Why education for peace, sustainability through ‘social & emotional well-being interventions’ is the need of the hour (India Today)

In our society, as awareness about education spread, an unfortunate trend of viewing education only as academic competencies followed.

This education day, as we celebrate the fact that India has come a long way in terms of making education universally accessible and inclusive especially through the Right to Education Act, we must also remember that we still do have miles to go.

So, let us pause for a moment and ask ourselves an important question – “What are we educating our children for?” In our society, as awareness about education spread, an unfortunate trend of viewing education only as academic competencies followed.

With this mind-set slowly getting rooted in our collective consciousness, the initial idea of education as a tool to liberate and enable future generations to achieve the larger goals of peaceful and sustainable coexistence slowly dissolved.

Generations of children have been treated merely as the future workforce who needed literary and numerical skills for being employable.

But, this is not the education that founders of this country like Maulana Azad, Mahatma Gandhi, Rabindranath Tagore and many others had envisioned, nor is it the idea represented globally or nationally in legal and policy documents such as the “National Education Policy 2020” or even SDGs.

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The children need to first and foremost be seen as human beings having immense potential and capabilities for developing into individuals who need to take charge of their lives as a whole and who are also essentially a part of the larger society.

This broader vision expands the idea of education as a force that creates compassionate and engaged citizens of a country. Children, the citizens of tomorrow, need to be nurtured to be competent and responsible to understand that their actions can have implications on the lives of other people and the planet in future.

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Especially, in current times, when the world we inherited has challenges pertaining to issues like climate change, ecological sustainability and global peace which will decide the future of our race.

On the other hand, the personal coping capacities are also becoming a challenge. Multiple studies including those from organisations like World Health Organisation increasingly report that anxiety, stress and depression are constantly increasing in multiple countries, India being no exception.

Shockingly, one student commits suicide in India every hour as per National Crime Records Bureau data. One issue feed into the other and cycle continues.
In our want for our children to get better grades, we are missing out on the engagement with the children on social – emotional needs or on issues like – is the child able to cope with this pressure or not? What kind of human being the child is going to develop into? Whether they have developed consideration and empathy for themselves and others? Are they able to cope in the negative situations? Can they identify, label, or regulate their emotions? Are they able to form healthy relationships with other human beings and the nature? and so on.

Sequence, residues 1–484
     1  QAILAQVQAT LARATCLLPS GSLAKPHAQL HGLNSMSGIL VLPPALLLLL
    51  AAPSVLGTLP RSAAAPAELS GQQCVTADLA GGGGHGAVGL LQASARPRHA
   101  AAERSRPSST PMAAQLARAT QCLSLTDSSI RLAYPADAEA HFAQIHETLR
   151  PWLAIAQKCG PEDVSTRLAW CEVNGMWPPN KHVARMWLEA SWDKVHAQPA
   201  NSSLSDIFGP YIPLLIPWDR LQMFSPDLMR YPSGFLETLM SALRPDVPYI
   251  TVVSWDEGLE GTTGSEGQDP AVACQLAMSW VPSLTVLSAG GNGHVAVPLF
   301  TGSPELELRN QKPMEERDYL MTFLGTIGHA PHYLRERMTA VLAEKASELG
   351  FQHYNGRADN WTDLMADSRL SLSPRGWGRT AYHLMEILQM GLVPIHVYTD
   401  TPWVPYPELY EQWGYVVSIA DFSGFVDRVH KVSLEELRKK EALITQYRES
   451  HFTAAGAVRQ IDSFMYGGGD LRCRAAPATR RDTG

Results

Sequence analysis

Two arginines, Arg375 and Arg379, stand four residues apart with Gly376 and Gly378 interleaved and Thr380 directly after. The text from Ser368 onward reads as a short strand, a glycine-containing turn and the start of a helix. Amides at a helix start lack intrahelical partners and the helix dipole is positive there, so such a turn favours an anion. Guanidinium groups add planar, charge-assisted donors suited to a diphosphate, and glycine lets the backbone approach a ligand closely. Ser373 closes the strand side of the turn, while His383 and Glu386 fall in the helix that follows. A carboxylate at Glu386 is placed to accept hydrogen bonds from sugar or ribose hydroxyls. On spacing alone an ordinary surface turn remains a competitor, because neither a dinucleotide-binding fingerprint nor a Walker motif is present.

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We need to remind ourselves about education’s larger goal and objective of achieving peace and sustainability and stop ignoring these important facets of education.

Because, otherwise we stand a risk of not only jeopardising the development of a child at individual level but at a national and global level we might fail our future generations in helping them in their preparation to combat the bigger challenges related to sustainability of the human race in the vogue of unforeseen global challenges to peace and sustainability that can be combated through awareness of the self and the society, self-regulation and extra sensitivity towards environment conservation ecosystems.

It is not only possible but extremely doable to come back to the right trajectory in education by laying more focus on the Socio-Emotional Learning (SEL) skills as essential part of education. It is because humans are essentially social beings who possess an innate ability to develop and form interpersonal connections.

These social bonds, formed early in life, create the foundation for human beings to coexist in and across groups.

The “Rethinking Learning” document, a combined effort of researchers from diverse fields like neurosciences, social cognition and so on, by the UNESCO’s “Mahatma Gandhi Institute of Education for Peace and Sustainability” argues that the emotions such as hatred, bullying, violence, intercommunal hate all have a lot to do with the unmanaged emotions and have roots in neurobiological aggression.

However, these biological roots of rage and aggression can be trained and the brain circuits can be redirected towards peaceful and constructive action through a systematic SEL intervention as part of education. Their research insights also say that the same knowledge and behaviours that contribute towards reduced aggression, violence, anxiety, fear and anger also contribute towards improved academic success.

The time is right to focus on building the SEL capacities of our children by making conscious and systematic investments in the same.

To achieve this the need of the hour is to mainstream this understanding in our education system in form of very concrete actions as a part of the curriculum so that education is transformed into a system delivering improved holistic development for the children relevant to their needs.

Be a Part of the Movement.